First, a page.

What is a Mennonite?
What is a Mennonite?
We get this question a lot. The short answer is Mennonites are Anabaptist Christians who seek to follow the way of Jesus. We take the life and teachings of Jesus, particularly “The Sermon on the Mount” (Matthew 5-7) to be the starting point for this. As a result, our faith practices and discipleship tend to emphasize community, the Kingdom of God, reconciliation, peacemaking, simplicity, and justice.
Here’s the slightly longer answer. Anabaptists represent a stream of faith that emerged 500 years ago in Europe. At about the time Reformers were challenging the Catholic Church, a small group of people in Switzerland were studying the Bible. They came to the conclusion that Jesus meant what he said in the Sermon on the Mount. As a result they emphasized the practice of non-violence and the belief that the church should be a voluntary community. You see back then church wasn’t a voluntary thing. You were born into it. And baptism was used to create a citizen for tax purposes, it wasn’t just religious.
The Anabaptists got into trouble with this behavior. They stopped baptizing infants which angered the state, and they re-baptized adults which angered the Catholic Church (that’s how they got their name. “Ana-” means “again,” so the name “Anabaptist” means to baptize again). Both the Catholics and the Reformers began arresting, drowning, and burning Anabaptists at the stake for their religious and civil crimes. Because the Anabaptists practiced non-violence, they refused to fight back and instead withdrew from city centers for survival. It was a painful beginning, and they remained distant from mainstream society for several generations.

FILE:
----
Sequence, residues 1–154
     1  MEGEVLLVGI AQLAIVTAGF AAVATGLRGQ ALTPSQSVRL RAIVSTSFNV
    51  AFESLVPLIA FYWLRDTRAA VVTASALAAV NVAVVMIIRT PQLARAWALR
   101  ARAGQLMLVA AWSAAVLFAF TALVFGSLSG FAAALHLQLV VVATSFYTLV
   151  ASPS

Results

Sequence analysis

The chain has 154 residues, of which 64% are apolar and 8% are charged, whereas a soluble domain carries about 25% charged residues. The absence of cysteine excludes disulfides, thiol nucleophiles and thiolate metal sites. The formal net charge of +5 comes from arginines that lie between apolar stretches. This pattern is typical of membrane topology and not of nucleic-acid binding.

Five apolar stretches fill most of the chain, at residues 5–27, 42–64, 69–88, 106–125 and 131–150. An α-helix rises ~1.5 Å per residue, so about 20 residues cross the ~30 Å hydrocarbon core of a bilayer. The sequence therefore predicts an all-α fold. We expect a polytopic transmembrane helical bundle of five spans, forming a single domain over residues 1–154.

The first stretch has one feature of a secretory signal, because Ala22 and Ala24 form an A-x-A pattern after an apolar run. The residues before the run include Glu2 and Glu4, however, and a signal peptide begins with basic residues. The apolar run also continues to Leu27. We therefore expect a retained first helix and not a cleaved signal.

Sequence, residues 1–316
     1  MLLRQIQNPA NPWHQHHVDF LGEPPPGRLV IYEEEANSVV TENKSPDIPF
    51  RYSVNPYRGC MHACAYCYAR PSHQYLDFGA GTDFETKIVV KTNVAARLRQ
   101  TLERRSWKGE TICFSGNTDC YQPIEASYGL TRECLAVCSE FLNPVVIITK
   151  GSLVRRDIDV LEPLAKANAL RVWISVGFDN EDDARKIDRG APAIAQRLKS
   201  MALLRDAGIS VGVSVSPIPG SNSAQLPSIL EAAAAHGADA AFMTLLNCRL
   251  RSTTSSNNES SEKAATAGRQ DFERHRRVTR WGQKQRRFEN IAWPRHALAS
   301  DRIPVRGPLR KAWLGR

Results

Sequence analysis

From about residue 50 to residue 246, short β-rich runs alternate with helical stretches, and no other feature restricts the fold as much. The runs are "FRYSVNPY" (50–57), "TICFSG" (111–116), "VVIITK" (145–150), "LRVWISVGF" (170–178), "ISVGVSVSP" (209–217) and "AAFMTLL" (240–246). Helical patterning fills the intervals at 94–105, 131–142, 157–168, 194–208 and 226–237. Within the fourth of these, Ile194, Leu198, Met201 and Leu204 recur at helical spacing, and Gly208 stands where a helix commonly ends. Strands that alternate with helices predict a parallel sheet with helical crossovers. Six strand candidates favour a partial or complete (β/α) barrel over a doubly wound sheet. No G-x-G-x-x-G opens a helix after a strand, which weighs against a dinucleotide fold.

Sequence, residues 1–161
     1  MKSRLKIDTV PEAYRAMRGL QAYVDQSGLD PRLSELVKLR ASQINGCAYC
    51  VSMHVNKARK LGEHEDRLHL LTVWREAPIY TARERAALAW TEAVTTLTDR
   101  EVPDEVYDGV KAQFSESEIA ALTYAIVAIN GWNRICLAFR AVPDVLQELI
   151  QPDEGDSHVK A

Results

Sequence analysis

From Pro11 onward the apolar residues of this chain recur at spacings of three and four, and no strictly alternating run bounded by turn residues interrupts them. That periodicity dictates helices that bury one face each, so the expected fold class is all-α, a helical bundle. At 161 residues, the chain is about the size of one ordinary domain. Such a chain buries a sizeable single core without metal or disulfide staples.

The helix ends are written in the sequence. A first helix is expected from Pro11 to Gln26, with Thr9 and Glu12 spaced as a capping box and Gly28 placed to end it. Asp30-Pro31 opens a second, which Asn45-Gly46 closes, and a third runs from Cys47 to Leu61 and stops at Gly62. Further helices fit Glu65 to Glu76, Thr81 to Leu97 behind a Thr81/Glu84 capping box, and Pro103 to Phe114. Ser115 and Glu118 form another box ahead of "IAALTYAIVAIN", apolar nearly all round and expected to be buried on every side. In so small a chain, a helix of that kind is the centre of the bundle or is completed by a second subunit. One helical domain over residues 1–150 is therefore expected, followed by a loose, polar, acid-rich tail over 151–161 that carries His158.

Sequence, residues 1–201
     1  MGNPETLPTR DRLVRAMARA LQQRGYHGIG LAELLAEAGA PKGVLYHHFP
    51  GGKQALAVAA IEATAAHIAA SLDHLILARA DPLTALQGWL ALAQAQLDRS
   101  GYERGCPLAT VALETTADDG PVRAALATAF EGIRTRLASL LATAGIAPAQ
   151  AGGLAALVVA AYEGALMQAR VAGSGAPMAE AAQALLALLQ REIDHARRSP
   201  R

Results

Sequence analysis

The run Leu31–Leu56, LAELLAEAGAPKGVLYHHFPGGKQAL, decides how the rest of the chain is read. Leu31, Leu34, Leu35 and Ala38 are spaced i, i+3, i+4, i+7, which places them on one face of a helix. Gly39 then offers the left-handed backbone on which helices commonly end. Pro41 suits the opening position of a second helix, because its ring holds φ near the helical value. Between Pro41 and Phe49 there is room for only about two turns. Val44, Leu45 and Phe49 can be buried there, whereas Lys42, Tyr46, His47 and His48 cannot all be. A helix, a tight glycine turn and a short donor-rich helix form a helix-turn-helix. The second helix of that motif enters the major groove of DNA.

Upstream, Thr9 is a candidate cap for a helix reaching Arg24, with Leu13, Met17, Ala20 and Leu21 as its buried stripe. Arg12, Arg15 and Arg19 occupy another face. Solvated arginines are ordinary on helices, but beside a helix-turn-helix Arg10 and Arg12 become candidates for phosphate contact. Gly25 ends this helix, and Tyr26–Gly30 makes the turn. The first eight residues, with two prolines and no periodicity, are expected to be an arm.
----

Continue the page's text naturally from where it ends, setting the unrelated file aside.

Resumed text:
Early on a Catholic priest named Menno Simons became one of the leading Anabaptists. He was kicked out of the Catholic Church and his followers became known as the Mennonites. That’s where the name comes from.
In the last fifty or sixty years, most Mennonites have become fully integrated into society, but they still retain many of the distinct practices of Anabaptism. Specifically, there is a strong emphasis on community, the Bible as authoritative, Jesus as the center, service to the world, peacemaking, and the pursuit of justice. This is what happens when you try to follow Jesus as expressed in the “Sermon on the Mount” and the Gospels.
To learn even more you can also visit Third Way Cafe.
If you would like to research deeper into the Anabaptist movement, please visit the Global Anabaptist Mennonite Encyclopedia Online at www.gameo.org.